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Original post : 4 Nov 2016

Marketing isn't wacky!

Marketing is not wacky!I was invited to connect with someone on LinkedIn the other day. Nothing unusual about that I hear you say, and there isn't. The interesting thing is what happened after I accepted the request.

When you accept a connection these days LinkedIn takes you to a page where it shows you a load of other people you might know and with whom you might connect. Still nothing odd. I usually have a quick scroll around this page to see if I can spot anyone that I know, or would like to. It was then that I saw something that made me stop.

In all honesty it wasn't that unusual but at that moment in time for some reason I had a moment of clarity.

I'd seen similar things loads of times. In fact I see them all the time and have done for years but I never thought about them in the way I did at that moment.

"What on earth was it Jim?" I hear you say. "What could you possibly see on LinkedIn that would make you sit down and write a blog about it?"

Well it was this. I saw a photograph of a marketing guy - no names, no pack drill. The thing was that it was a wacky photo. He looked like the Stasi interrogator had just attached the electrodes to his nether regions and cranked up the dial.

Why I wondered in my moment of enlightenment do so many marketing people and agencies feel the need to come across as wacky? Or left field? Or unconventional?

At The Purple Edge we take marketing quite seriously. When we talk about marketing we do so from the position that marketing is the most important part of being in business. It's the thing that creates customers and to be clear if you don't have customers you don't have a business, you have a hobby.

We're not unusual in this regard. Peter Drucker the father of consulting said many years ago "Because the purpose of business is to create a customer, the business enterprise has two–and only two–basic functions: marketing and innovation. Marketing and innovation produce results; all the rest are costs. Marketing is the distinguishing, unique function of the business."

There are a million definitions of marketing but the one we like is meeting customer needs profitably. We like it because it puts the customer at the heart of the business but recognises the importance of profit to the enterprise.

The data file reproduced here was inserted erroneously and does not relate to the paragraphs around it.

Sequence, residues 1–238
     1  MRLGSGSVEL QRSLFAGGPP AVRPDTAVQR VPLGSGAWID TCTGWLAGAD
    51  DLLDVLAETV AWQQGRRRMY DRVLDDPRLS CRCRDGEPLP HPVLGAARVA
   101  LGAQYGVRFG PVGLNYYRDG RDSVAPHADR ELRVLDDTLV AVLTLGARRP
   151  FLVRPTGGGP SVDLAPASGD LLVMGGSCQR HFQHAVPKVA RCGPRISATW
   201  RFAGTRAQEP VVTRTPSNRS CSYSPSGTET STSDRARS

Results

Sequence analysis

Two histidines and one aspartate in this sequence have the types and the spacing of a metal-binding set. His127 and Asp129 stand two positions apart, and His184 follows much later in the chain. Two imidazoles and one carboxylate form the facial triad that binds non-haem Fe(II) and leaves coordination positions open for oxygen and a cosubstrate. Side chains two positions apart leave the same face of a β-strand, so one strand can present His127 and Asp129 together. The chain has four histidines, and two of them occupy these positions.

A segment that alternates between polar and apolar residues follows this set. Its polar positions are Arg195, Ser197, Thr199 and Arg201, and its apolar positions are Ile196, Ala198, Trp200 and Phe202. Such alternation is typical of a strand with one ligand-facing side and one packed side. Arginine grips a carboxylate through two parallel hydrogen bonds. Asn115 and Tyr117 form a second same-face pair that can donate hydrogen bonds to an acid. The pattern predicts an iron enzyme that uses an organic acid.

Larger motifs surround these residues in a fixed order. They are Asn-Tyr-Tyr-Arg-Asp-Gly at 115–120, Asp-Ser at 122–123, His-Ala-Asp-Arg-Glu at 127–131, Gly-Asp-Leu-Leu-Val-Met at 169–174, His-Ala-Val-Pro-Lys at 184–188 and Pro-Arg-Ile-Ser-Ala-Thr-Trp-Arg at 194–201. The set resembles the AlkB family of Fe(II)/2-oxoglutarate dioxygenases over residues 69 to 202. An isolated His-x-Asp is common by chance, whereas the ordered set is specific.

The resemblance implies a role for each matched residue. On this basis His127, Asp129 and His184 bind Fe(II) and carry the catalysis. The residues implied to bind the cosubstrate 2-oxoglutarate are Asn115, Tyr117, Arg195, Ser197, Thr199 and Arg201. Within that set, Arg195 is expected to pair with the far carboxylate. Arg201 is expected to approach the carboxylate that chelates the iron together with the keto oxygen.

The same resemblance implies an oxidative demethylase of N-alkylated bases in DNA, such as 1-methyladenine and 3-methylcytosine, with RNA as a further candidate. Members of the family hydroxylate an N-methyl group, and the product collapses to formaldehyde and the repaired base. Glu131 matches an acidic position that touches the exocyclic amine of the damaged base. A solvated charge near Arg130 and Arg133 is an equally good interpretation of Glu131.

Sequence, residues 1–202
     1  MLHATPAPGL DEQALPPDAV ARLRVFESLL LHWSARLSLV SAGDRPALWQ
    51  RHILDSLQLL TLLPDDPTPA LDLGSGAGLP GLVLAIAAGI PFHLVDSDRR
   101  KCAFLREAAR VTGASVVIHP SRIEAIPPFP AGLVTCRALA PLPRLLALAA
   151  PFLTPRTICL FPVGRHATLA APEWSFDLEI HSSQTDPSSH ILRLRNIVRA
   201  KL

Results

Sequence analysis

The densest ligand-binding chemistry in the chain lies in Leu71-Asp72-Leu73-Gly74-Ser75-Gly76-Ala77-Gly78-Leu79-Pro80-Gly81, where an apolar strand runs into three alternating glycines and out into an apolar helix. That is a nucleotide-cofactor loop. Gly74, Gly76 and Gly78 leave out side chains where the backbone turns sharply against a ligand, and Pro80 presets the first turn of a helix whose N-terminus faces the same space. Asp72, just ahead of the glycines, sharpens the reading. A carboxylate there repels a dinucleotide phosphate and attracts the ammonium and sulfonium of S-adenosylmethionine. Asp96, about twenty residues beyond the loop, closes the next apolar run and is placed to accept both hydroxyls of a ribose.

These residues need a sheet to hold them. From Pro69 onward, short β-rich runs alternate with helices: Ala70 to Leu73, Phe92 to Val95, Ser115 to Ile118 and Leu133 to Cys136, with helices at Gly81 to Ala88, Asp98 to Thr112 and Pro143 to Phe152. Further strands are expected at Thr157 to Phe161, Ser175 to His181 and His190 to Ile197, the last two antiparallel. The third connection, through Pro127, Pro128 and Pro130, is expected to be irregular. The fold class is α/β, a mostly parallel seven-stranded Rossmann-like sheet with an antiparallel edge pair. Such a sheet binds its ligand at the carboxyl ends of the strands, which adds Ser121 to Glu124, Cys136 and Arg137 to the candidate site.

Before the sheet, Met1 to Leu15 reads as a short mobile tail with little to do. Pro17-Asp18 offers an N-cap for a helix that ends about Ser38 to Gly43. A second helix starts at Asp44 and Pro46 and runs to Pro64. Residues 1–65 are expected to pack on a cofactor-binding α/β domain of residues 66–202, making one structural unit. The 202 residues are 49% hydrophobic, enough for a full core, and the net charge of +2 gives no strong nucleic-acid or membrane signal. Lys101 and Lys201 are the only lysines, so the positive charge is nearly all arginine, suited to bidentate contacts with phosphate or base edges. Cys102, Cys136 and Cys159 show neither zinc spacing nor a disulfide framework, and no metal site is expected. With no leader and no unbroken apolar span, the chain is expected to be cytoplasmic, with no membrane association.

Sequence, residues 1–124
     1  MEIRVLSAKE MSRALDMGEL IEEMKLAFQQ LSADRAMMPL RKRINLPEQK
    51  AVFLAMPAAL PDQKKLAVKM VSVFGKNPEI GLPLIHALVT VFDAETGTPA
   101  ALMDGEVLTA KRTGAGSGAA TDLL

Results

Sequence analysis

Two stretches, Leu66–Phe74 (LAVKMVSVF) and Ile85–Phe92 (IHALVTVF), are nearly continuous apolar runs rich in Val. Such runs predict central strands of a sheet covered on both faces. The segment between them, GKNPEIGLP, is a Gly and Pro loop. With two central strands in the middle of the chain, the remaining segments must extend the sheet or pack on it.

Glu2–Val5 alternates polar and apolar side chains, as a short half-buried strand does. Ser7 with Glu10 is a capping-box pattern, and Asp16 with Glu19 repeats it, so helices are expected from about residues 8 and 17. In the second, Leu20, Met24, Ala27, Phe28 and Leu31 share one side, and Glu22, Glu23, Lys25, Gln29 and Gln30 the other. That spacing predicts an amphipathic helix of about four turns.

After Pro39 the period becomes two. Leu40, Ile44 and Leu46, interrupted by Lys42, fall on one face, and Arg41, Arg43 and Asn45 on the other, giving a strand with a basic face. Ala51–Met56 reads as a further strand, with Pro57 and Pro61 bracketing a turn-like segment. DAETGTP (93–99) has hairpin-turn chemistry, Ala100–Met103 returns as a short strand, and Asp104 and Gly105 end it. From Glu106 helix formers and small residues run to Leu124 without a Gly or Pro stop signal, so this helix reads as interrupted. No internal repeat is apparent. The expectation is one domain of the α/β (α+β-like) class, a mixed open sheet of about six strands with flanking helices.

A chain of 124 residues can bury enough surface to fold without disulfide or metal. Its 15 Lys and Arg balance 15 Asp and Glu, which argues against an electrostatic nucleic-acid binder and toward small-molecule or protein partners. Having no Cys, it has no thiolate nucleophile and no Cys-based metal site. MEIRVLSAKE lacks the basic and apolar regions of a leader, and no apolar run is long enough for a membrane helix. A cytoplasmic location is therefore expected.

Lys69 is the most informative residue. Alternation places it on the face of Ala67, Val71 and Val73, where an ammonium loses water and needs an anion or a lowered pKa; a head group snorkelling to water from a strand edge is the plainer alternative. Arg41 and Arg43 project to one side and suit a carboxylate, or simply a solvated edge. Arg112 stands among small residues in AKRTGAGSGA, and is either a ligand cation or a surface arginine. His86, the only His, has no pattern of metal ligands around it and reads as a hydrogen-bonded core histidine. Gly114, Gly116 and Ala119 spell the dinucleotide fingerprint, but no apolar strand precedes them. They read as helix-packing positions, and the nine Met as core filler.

So if you consider that making sure your business meets customer needs and makes a profit is important. If you are convinced that customers are critical to a business and the activity that creates customers is marketing then you'll agree that it is a serious discipline.

If it is a serious discipline and critical to the long term success of a business then why would wackiness be a desirable feature of a marketer?

Don't get me wrong I think it's important to challenge accepted beliefs, to look at different ways to communicate and catch the eye, to stand out. But you don't need to have a photo of yourself that makes you look kooky or to dress in strange clothing to do that.

I think marketeers are business people first and foremost. The best have some creativity and understanding of messaging - and choosing the right message, delivered in the right way, to get the client's story across.

Perhaps the tendency to demonstrate our creativity leads us as marketeers to go over the top. I fear though that this contributes to many business people thinking of marketing as a fluffy activity concerned with nothing more serious than branded stress balls.

It's a shame because marketing really can add value to a business, especially if it's central to what the business does. To quote David Packard, co-founder of HP “marketing is too important to be left to the marketing department.”

 

 

 
Jim Hunt AuthorJim Hunt is a professional marketer with many years experience in building businesses large and small. As a speaker, trainer and practitioner he aims to explain marketing theory clearly and show how it can be applied in practice to deliver better results from your marketing investment. You can connect with Jim on LinkedInFacebookTwitter and Google+.

Comments

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